Setting up a comfy pillow fort on your bed or couch sounds really nice, but it's probably not the most productive work environment. Plus, you already spent all night in your bed, and since we're all practicing social distancing, you're probably going to spend a lot of your evening on the couch.

When your home becomes the place where you spend your free time and the place you work, you may want to consider separating the two.

If you have the space, identify a specific place to work each day — ideally away from where you relax and sleep. Choose a spot that minimizes distractions and helps you focus. And try to make sure your workspace has all the things you need to be productive, like a desk, keyboard, mouse and monitor.

Since you may be working from home for a few weeks, consider mixing up where you set up your home office from week to week.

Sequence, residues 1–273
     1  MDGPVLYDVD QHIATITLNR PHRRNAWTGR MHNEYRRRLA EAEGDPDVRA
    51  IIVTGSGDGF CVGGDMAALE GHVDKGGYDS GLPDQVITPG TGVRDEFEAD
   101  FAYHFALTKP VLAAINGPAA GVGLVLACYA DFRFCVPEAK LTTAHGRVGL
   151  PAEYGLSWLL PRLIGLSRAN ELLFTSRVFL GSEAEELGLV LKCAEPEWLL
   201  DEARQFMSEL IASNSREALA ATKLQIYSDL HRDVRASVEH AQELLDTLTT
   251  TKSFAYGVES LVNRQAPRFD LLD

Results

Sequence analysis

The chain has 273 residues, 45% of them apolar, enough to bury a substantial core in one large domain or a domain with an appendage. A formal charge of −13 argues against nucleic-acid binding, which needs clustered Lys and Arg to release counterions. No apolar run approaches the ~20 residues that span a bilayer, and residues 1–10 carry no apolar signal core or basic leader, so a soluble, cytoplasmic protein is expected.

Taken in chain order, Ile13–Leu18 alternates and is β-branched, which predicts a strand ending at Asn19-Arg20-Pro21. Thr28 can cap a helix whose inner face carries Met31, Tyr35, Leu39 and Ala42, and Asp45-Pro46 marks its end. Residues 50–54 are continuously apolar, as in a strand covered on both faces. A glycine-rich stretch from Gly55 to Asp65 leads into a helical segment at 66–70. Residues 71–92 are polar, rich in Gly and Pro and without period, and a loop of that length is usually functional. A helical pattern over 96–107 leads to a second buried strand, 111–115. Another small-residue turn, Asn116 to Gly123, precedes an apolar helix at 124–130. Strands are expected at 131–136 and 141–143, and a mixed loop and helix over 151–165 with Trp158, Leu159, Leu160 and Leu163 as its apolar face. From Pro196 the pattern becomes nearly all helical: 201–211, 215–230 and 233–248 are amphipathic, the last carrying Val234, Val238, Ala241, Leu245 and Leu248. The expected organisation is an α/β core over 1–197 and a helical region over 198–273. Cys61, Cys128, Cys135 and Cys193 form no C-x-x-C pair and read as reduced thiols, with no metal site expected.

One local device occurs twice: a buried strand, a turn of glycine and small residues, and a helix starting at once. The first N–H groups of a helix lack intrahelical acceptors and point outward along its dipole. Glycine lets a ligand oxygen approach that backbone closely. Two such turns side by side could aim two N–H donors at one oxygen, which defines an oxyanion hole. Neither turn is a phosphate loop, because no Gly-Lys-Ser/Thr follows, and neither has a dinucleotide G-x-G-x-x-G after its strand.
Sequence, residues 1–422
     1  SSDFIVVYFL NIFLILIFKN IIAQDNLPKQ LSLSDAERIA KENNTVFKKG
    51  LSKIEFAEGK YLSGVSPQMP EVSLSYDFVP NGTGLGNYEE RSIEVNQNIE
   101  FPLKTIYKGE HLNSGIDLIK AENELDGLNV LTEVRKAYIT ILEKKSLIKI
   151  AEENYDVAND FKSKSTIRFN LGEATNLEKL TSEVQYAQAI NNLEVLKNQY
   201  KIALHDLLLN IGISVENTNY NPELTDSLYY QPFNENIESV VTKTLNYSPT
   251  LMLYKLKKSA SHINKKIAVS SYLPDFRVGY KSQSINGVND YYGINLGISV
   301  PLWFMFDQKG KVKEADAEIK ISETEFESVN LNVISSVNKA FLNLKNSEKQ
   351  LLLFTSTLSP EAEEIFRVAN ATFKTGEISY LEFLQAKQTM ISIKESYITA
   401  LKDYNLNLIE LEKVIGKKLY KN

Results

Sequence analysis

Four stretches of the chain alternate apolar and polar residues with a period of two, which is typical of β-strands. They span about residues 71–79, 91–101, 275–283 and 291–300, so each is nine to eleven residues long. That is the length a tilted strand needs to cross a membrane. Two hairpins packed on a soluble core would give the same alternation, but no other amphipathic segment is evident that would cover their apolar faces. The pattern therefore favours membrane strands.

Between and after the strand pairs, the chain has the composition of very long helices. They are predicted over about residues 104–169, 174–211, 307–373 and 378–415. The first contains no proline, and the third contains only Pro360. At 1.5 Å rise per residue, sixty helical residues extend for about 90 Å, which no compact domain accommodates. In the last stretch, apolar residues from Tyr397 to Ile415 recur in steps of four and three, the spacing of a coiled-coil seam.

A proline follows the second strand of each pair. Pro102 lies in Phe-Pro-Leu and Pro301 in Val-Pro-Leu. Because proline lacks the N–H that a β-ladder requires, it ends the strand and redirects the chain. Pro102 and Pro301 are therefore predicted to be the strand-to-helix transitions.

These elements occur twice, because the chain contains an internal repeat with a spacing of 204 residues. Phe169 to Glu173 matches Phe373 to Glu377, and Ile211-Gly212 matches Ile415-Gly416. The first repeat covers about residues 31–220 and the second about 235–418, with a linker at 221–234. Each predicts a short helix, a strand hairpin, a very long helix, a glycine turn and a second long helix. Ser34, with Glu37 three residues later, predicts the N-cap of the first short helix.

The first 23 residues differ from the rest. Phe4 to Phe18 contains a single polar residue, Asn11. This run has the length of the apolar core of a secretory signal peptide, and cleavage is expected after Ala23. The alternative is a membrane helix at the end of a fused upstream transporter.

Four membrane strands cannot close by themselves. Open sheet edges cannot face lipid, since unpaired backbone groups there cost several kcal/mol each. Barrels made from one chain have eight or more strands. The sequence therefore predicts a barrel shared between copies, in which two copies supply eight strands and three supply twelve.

Use tools to collaborate with your coworkers

Popping into someone's office will always be the easiest way to collaborate with a coworker, but emails, phone calls, messaging platforms and video chats are great alternatives when you're working from home.

By scheduling regular meetings with your team, you'll have dedicated time to share progress, ask questions and collaborate on work. Using video for these meetings can also provide social interaction that you may otherwise miss while working from home.

In addition, try to keep your one-on-one meetings with your manager as often as possible. While working remotely, it's even more important to regularly share progress, ask questions, verify priorities and share any challenges.

Keep your normal work hours

Whatever your work schedule is at the office, keep it the same while working from home.

There are a lot of distractions at home (TV, pets, family members), and setting your "work hours" — including start and stop work times, breaks and lunch — can help you stay focused throughout your day.

Keeping your standard work schedule also makes it easier for your coworkers to collaborate with you.